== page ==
Labour Brexit talks with government 'near collapse', writes Robert Peston

Labour's negotiations on a Brexit pact with the Government may well be pronounced dead today - partly because the party is launching its EU elections manifesto tomorrow and would presumably need to say something about a possible pact other than "don't know".

To be clear, there are more talks between the two sides this evening. But those involved tell me they have no expectation a breakthrough will be seized from the jaws of futility.

Simultaneously Labour's leadership is consulting "all the elements" in and connected to the party, so there's no great backlash from MPs or union leaders as and when the hopes of a Brexit compromise are officially abandoned - which could happen tonight.

Corbyn is, for example, meeting loyalist MPs later. And presumably the general secretaries of the big unions will be contacted.

European Union flags fly outside the Houses of Parliament in Westminster. Credit: PA

One outstanding question is whether the party should now help the PM at least create the impression a process still exists to deliver Brexit, by providing assurances it won't be wilfully destructive, as and when she introduces the Withdrawal and Implementation Bill to the Commons.

But given the sheer number of Tory and Labour MPs who hate the Withdrawal Agreement that will be enshrined in that bill - the Tories mainly because of the hated backstop, Labour MPs largely because they want a confirmatory referendum - it is difficult to see what Corbyn could deliver to May that would move her Brexit plans any meaningful distance from the mortuary.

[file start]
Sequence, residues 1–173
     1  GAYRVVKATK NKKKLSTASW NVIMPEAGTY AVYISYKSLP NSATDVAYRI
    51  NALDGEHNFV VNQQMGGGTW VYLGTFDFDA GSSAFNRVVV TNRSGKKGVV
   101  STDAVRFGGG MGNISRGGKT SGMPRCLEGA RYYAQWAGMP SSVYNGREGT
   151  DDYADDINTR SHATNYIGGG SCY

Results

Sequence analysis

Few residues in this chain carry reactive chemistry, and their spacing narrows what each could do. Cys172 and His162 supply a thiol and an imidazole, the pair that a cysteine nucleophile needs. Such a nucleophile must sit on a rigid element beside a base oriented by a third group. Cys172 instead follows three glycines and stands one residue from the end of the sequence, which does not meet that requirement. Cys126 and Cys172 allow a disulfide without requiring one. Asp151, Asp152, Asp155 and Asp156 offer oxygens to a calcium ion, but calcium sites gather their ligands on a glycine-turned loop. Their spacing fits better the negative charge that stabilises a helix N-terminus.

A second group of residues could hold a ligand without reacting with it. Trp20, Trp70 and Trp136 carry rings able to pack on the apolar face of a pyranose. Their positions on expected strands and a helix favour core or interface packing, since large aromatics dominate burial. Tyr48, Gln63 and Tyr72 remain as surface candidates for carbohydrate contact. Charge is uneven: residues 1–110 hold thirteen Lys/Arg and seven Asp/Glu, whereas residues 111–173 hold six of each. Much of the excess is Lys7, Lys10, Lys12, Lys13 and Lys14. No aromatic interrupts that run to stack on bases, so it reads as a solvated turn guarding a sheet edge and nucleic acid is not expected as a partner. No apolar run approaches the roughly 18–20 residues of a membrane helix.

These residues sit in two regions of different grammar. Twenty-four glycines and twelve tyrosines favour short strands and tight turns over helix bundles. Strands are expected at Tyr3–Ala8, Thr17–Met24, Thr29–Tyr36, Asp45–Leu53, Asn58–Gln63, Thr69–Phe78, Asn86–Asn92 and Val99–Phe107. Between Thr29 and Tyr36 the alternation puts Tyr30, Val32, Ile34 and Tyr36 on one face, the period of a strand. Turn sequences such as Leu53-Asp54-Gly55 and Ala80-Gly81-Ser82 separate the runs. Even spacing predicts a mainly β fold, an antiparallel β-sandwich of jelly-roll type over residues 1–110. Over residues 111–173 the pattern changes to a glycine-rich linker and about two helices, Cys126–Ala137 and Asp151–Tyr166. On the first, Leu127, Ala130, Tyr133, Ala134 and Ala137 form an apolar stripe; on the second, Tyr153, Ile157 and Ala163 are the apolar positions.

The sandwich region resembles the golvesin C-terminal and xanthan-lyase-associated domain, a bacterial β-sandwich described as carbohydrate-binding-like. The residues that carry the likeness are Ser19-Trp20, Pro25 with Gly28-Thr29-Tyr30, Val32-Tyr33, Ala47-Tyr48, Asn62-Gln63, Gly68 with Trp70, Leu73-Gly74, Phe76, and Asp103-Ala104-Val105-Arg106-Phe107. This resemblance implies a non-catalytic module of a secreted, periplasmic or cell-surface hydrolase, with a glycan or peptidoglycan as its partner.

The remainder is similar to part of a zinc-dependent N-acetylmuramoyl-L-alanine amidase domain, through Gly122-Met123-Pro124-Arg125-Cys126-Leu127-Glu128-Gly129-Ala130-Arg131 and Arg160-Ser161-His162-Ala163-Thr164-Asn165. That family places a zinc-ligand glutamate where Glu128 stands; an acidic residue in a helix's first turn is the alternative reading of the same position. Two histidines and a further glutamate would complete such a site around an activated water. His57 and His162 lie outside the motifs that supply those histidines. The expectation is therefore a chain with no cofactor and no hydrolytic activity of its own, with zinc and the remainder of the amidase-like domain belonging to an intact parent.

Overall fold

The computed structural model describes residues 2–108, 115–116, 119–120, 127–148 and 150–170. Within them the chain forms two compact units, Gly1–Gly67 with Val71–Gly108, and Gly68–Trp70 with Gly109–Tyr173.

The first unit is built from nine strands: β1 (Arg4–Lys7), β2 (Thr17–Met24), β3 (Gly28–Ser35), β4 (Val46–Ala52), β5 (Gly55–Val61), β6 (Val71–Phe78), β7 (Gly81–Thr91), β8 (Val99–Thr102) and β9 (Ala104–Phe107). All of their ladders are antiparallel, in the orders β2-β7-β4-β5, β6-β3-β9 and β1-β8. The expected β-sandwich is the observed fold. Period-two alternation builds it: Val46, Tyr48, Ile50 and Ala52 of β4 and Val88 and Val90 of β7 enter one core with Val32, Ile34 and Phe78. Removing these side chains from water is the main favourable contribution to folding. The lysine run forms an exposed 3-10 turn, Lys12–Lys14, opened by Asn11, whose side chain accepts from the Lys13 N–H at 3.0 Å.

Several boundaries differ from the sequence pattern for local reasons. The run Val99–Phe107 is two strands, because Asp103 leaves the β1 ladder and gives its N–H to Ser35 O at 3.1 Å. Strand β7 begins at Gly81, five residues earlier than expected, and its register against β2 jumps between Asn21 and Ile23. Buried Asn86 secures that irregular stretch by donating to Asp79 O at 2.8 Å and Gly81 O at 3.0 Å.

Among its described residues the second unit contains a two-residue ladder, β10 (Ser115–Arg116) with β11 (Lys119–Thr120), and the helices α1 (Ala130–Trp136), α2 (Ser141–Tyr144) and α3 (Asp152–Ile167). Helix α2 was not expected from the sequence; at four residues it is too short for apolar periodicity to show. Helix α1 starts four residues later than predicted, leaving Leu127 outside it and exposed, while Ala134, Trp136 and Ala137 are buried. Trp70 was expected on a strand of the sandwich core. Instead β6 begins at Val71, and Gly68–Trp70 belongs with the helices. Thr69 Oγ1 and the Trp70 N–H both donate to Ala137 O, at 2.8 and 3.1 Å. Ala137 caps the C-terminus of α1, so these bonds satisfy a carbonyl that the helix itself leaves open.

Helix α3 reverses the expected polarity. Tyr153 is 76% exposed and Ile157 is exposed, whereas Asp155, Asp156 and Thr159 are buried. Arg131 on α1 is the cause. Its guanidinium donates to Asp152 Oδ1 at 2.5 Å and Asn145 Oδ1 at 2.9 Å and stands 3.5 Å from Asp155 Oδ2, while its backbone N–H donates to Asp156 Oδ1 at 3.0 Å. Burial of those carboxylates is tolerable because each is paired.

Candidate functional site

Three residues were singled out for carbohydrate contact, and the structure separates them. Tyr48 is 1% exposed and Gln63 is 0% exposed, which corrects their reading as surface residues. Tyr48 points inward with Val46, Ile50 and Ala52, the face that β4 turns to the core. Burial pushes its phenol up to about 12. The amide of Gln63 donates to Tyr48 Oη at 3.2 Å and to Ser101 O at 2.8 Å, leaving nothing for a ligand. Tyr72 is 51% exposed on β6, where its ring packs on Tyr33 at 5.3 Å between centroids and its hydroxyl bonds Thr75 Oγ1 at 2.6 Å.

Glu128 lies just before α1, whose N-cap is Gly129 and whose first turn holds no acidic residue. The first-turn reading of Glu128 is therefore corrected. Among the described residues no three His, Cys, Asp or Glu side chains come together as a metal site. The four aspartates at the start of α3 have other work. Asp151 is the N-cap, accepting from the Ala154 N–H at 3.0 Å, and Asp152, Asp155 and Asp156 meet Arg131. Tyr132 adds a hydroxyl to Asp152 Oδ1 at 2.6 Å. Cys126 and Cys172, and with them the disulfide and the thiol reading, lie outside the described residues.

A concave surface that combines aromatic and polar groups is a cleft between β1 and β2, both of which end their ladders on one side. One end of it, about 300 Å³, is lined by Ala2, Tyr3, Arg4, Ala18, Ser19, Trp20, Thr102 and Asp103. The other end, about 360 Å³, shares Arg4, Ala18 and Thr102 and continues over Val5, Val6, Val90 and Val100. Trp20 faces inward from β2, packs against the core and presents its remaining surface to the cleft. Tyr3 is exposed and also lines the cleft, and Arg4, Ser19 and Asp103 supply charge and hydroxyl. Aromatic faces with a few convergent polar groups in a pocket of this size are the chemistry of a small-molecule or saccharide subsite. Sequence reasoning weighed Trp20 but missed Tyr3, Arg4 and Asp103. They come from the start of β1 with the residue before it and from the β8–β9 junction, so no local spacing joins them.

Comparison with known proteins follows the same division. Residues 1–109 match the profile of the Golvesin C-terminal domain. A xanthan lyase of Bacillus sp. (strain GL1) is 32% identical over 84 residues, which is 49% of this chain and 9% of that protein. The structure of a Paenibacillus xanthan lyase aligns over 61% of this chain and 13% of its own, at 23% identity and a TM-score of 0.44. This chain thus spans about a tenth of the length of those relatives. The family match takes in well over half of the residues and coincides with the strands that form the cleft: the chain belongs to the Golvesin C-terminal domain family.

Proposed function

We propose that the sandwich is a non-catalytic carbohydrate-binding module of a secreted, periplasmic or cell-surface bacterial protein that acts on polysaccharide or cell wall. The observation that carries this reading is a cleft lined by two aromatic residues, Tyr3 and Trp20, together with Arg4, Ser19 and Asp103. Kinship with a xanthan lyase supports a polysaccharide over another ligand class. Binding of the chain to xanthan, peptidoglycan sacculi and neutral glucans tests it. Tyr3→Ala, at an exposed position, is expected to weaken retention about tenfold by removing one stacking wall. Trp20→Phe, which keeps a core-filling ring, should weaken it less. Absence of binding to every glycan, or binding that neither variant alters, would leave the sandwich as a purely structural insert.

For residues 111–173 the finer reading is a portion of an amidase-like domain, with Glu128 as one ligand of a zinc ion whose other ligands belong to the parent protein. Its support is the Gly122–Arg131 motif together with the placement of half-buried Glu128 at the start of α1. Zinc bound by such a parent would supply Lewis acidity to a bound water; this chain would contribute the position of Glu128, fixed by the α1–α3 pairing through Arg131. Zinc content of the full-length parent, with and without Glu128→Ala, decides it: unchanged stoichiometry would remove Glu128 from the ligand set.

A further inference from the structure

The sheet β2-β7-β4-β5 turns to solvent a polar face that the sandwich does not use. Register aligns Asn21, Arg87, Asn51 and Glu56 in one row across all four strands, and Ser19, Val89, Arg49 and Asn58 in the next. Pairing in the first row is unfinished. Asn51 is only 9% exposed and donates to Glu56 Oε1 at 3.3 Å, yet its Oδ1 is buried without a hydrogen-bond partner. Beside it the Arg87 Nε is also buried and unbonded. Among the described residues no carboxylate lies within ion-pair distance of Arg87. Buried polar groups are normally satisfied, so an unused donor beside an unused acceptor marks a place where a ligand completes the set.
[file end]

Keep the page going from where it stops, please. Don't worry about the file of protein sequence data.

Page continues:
Labour have been trying to find a deal with Theresa May's Conservative party. Credit: PA

Also, Corbyn and his closest colleagues are acutely aware that for them to allow May to claim any kind of Brexit victory - or even to credibly claim a victory is achievable - could benefit only her party; Labour's vote ahead of the EU elections would continue to haemorrhage.

For what it's worth, some Labour candidates fear the party's number of MEPs will halve to around 10 - compared to their earlier expectation of Labour topping the poll if it had unambiguously backed a referendum. They anticipate a significant swing to the Greens, especially in London and the south.

Can Corbyn stop the rot? There's no sign he shares the view of his remain-y candidates about how best to do so, since the manifesto launch will be in Brexit-y Kent - which shows he still thinks it is not just an unsustainable stunt to ride both the leave and remain horses.